Thursday, October 06, 2011

Unanswered Prayer, Who Shall Live/Die, etc.
One response to unanswered prayer I always wait to here in any Jewish discussion is "and sometimes the answer is no". I don't know that the speaker/'audience member' who presents it cares who else may be present - the terminally ill person with a world of responsibilities left behind that go unaddressed ('ripple effect' of what was before primarily their suffering, at times for generations), the adolescent in a physically/sexually abusive home, predated on by family. One could go on and on - "sometimes the answer is no". B'emet?...that's your response?...

A Jewish answer is often that "Prayer is for changing our minds, not God's mind", which makes, well, bullshit out of all the petitionary prayers that appear in Tanach (you know...nevuah?...), in our siddurim, the now-pointless email requests for prayers and tehillim for peoples's allllll now about "changing our selves" and not reality. And wasn't Judaism about "this world", and transforming this world? Wasn't it about God Creating and Entering this world at Sinai, Speaking to us? some will say "that was then, this is now", that kind of relationship has ended, etc. And now due to sins that were not ours, people continue to die and suffer by the billions since Korban Beit ha Mikdash, begging and pleading to their Creator and "the answer is no".

A Christian answer is from Karl Rahner - b'kitzer; if you have questions of theodicy, unanswered prayer, look to the crucifix. God sees to the torturous death of his Son, 1/3rd of himself as it were (I know Christians see it as more complex), refuses to answer his own prayers (in Gethsemani, Jesus prayers twice that God take the "cup" from him, pass the responsibilty on to another and is obviously refused, being then taken by authorities to be judged and crucified). That being said...wouldn't Jesus know what it's like to go unanswered, to hear the answer "no", to not simply experience continued persecution but torturous mutilation, public display and public death. So...if he is who he said he is - should he...well...NOT AID AND ABET EVIL in this world - the world that came out from him, the "new creation", two millenium of women, children, orphans, et al?...What happened to having "prevailed against the gates of hell" and all that? "Now they're working together?"...(Orthodox Judaism of course says "they always have been", since Christianity is Edom/Esav [though Christians were first unrelentingly persecuted by THE ROMANS...], Christianity is avodah zarah, etc, etc).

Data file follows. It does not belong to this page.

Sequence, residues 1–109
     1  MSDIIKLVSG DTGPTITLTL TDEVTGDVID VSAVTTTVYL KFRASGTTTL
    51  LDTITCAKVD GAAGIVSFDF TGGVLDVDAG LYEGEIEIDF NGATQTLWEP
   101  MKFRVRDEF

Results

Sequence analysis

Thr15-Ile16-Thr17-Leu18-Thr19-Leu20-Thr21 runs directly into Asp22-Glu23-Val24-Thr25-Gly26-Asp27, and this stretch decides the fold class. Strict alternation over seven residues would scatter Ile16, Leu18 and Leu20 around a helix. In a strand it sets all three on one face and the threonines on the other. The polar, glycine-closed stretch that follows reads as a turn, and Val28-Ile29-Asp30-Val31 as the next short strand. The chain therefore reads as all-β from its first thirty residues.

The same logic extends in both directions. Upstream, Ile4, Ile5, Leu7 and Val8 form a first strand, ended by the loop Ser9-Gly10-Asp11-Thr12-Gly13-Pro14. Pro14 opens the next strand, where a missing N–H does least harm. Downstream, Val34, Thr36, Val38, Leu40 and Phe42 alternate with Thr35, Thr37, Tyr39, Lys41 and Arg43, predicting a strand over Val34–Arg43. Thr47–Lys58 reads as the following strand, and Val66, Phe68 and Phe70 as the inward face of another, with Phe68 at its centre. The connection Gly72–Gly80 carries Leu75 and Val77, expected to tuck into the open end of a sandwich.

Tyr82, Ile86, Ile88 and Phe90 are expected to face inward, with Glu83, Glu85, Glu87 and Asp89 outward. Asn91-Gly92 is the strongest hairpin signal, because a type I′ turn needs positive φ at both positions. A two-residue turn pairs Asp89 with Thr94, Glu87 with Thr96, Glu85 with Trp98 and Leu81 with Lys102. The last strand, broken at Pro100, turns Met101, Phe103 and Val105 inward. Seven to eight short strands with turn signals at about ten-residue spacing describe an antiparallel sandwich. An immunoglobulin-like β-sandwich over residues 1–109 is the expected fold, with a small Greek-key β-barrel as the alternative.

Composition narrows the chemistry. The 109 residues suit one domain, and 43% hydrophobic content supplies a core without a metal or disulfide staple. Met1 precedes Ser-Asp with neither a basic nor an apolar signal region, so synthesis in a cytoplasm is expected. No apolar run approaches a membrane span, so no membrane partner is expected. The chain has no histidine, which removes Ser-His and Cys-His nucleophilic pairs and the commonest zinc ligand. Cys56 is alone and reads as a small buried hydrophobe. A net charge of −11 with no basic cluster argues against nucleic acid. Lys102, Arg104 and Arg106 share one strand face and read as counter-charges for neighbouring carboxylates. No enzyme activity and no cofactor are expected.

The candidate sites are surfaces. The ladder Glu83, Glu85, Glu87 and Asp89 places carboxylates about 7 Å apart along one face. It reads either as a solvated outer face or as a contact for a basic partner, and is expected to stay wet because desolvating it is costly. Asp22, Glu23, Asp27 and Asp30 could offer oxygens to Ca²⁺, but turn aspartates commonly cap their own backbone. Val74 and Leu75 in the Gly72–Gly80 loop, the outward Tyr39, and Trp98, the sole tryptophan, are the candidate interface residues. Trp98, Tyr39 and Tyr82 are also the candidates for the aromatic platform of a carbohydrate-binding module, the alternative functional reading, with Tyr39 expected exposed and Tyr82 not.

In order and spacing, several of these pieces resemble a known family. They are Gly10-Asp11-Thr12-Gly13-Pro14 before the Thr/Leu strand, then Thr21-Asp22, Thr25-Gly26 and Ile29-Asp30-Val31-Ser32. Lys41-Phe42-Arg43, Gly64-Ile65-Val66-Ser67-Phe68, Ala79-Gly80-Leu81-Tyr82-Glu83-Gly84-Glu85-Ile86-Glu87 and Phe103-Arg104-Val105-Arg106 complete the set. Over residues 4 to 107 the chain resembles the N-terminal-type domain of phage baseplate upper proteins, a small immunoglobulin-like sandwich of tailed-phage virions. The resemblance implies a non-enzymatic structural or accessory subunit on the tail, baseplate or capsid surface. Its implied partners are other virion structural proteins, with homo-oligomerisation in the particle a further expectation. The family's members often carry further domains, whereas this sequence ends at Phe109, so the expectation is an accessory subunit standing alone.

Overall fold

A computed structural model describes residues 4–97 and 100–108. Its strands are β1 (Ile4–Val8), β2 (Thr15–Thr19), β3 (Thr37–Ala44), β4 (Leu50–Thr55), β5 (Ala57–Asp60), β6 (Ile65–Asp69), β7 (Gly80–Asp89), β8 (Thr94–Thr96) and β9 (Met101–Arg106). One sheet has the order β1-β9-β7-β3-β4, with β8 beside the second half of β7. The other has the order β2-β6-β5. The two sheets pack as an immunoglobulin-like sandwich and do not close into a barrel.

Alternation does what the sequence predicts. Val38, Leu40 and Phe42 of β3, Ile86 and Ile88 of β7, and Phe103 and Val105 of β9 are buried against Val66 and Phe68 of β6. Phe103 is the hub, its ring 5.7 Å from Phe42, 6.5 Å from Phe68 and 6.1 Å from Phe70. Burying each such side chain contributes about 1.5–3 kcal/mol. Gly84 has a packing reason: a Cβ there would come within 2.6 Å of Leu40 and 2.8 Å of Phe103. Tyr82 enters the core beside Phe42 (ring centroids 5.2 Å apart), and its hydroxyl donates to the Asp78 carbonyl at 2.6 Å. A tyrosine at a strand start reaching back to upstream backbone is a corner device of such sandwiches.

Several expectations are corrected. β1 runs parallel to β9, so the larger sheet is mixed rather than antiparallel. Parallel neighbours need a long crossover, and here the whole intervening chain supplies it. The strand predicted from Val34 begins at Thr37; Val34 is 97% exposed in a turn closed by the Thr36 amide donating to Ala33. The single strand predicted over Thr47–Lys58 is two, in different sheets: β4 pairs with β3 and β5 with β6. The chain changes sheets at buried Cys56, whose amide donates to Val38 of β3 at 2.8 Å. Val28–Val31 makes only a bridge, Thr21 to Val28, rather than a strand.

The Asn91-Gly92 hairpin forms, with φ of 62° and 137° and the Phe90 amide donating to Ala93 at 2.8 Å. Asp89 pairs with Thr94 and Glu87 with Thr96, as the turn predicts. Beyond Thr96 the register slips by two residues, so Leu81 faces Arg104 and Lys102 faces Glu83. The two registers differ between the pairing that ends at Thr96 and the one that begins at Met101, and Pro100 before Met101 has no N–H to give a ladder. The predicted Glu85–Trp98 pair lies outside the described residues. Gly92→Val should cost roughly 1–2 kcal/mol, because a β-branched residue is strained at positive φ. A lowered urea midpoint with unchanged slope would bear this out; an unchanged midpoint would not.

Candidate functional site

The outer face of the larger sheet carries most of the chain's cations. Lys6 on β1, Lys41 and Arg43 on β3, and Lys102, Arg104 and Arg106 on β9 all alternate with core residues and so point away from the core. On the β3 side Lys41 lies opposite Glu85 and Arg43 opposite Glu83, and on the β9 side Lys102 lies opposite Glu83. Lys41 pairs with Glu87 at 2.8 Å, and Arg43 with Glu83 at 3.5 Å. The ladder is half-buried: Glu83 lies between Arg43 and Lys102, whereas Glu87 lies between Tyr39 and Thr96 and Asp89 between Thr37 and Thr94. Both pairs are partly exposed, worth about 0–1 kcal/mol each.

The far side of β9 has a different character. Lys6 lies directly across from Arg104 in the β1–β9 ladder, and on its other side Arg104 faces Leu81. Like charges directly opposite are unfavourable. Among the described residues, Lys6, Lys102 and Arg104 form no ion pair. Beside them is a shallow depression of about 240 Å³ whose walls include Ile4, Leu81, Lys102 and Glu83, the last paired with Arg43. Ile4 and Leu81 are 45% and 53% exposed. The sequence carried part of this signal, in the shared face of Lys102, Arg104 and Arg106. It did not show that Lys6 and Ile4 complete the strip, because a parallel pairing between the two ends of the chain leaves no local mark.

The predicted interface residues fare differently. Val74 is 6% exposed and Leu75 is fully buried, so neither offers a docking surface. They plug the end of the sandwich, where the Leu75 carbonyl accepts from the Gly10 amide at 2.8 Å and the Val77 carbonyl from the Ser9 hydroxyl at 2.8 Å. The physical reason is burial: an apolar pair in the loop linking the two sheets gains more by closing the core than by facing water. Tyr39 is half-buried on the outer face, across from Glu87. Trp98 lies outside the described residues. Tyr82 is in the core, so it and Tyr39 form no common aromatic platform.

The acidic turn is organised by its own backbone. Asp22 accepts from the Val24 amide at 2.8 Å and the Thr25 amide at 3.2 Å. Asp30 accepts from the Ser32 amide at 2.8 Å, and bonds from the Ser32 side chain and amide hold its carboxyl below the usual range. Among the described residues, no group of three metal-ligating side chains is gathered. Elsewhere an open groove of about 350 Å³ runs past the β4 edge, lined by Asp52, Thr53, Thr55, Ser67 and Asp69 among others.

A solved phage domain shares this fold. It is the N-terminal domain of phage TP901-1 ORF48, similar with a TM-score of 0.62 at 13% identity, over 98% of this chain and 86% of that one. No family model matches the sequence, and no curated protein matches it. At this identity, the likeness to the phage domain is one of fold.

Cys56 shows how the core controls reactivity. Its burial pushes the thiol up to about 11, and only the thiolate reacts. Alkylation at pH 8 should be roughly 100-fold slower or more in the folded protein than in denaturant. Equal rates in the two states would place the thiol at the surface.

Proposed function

One could say "Maybe it is that he continues the tradition of answering 'no', since having experienced abandonment himself - he knows the Ultimate Plan of God's Will should go un-challenged by our...well, the petitionary prayers of his littlest and most desperate children that he act like he says he should in his own teaching and direct words...". hopefully the speaker finds his or her self trapped by defending the suffering of millions of others and evil in both the abstract and concrete. Maybe they respond with that infuriating quiet, staring, listening to suffering of others and making some "I don't have the answers" Jewish-mother facial expression and perhaps say "but I'll cry with you".

Save it. After centuries of it, it is now impotent, barren, simpering, disgusting acquiescence to evil and I'm sick of watching and living with it.

SO....Both of them - and often religion in general - now respond with "There'll be pie in the sky when you die", an adoption of the earlier heresies of Manicheanism or Gnosticism or the recourse to later lifetimes of karmic reconciliation and previous lifetimes for which one now does penance - either way, every aspect of this world is downgraded to emphasize the "veil of tears" sense; the imminence and emanance of death should be always in mind one way or another, the afterlife/next life and eternity you should look to - all in refutation and denial of core and central principles of each - and every - of their faiths ("On earth as it is in Heaven", "Judaism is about changing this world", "Dharma is about acknowledging suffering and the transcence of that which is not suffering", etc, ) to explain how so many of their faithful, despite each participating in the true faith/dharma, in true relationship to God/Divine/Satori suffering needlessly, senselessly, perennially. Without "growing" from suffering, simply dying in their resignation, desperation and despair - or worse, living in them.
Zeh hu.

More than anything, I would like to be proven and shown wrong in my life and the life of others.

And sometimes the answer is no.

And yet, the whole "changing the world" scenario of Judaism - Judaism has indeed done so. Many would claim it's the mark of something special about it. But Christianity makes the same claim about the Resurrection - and I have to come to admit, the claim of the event (who can concretely speak for its reality?), has truly transformed the world, followed by Islam. YES a world of nastiness and pain and suffering "in the name of God" came about - and Jews are quick to add "what they did to 'us'" - understandably so - but nothing compared to the anti-semitism and anti-humanism of the mass-murdering Nazi and Communist regimes.

The narrative of Israel that includes the senseless, unanswered suffering and exile of Israel over time has transformed the world.

And the narrative of the Gosple that includes the senseless, unanswered suffering of JC - and his essentially-unexpected claimed Resurrection - also transformed the world.

And I have no thought/feeling/primal scream to answer with.


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